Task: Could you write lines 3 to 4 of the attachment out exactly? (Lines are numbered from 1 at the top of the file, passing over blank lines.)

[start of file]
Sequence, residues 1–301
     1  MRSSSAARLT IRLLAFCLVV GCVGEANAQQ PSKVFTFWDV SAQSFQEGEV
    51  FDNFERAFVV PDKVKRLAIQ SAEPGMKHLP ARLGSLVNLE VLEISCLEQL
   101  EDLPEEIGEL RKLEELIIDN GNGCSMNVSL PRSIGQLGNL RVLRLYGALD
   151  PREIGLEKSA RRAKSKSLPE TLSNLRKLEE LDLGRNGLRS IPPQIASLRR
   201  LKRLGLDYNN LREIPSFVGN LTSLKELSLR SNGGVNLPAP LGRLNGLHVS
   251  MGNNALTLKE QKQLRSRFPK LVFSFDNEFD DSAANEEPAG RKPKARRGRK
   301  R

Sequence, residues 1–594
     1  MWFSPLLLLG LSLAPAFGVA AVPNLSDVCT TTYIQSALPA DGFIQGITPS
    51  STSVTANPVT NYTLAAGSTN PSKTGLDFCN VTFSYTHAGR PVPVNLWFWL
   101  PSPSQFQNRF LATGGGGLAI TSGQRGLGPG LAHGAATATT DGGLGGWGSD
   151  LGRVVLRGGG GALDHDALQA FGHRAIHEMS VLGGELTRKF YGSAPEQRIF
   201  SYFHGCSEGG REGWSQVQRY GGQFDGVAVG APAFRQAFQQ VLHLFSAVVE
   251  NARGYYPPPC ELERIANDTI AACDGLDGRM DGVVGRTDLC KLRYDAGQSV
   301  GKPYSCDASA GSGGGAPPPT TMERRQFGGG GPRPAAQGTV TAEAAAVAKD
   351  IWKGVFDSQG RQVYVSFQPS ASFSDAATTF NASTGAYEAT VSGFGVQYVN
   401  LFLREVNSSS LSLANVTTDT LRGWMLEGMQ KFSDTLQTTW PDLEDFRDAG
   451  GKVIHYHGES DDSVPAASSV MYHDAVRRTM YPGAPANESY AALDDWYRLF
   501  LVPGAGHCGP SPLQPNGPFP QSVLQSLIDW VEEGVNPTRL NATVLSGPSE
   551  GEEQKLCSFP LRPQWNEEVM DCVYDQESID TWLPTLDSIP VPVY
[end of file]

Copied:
    51  FDNFERAFVV PDKVKRLAIQ SAEPGMKHLP ARLGSLVNLE VLEISCLEQL
   101  EDLPEEIGEL RKLEELIIDN GNGCSMNVSL PRSIGQLGNL RVLRLYGALD